Cancer cluster subcommittee to probe Coakley landfill
PORTSMOUTH — To address concerns about residential water contamination near Coakley landfill, a subcommittee of the Governor’s Task Force on the Seacoast Cancer Cluster was formed Wednesday evening.
At the suggestion of Chairman Thomas Sherman, a state representative from Rye, the subcommittee was formed after an update on the status of found contaminants in nonresidential groundwater monitoring samples collected beyond the footprint of the Superfund site.
Last month, officials announced that perfluorooctanic acid and perfluorooctane sulfonate were found in some of the 20 wells tested. Nine wells did not meet the New Hampshire ambient groundwater quality standard of less than 70 parts per trillion.
The evaluations were performed in response to a test showing eight monitoring wells near Coakley’s borders had elevated levels of PFOA and PFOS.
Sherman said he has a number of questions about Coakley landfill, especially because the town of Rye’s Planning Board heard from developers Tuesday night that they want to build a subdivision which may rely on wells in the area.
“I think we need to do a deep dive into Coakley and get a better understanding of what is happening there,” Sherman said.
Jim Murphy of the Environmental Protection Agency said they will continue to monitor contaminants of emerging concern at the site. A five-year review is due Sept. 30, and Murphy said they won’t stop there. “We want to satisfy ourselves, and we want to satisfy members of the community,” Murphy said.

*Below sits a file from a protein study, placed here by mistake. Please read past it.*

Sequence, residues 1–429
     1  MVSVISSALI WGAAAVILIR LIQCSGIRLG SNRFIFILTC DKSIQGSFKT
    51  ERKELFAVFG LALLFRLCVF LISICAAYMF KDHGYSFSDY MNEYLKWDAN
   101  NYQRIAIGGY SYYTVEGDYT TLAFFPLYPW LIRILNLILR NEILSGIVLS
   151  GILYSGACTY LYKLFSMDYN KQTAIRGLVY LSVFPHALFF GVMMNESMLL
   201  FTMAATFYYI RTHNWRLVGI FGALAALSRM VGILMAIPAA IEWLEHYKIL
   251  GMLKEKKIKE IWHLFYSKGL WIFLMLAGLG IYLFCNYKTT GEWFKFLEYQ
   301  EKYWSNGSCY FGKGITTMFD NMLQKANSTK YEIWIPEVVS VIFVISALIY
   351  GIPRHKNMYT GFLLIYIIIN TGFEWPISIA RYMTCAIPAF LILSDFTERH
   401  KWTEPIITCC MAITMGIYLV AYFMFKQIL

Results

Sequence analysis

Members of the task force also discussed the work New Hampshire’s Department of Health and Human Services is doing to further investigate the potential causes of the cancer cluster that’s taken the lives of children on the Seacoast. Whitney Hammond, who works in chronic diseases, said they are in the final stages of pulling together a feasibility questionnaire which may reveal correlations between diagnosed children and environmental factors.
Hammond and state epidemiologist Dr. Benjamin Chan emphasized they might not be able to link a specific environmental factor to a rare type of soft-tissue cancer, and pleuropulmonary blastoma (PPB) found in children in Rye, New Castle, Portsmouth, Greenland and North Hampton.
If the feasibility study suggests some causal connection, the state will perform its first-ever case control study to determine if an association does exist between a specific risk factor or chemical and the childhood cancers. The next task force meeting is Oct. 12.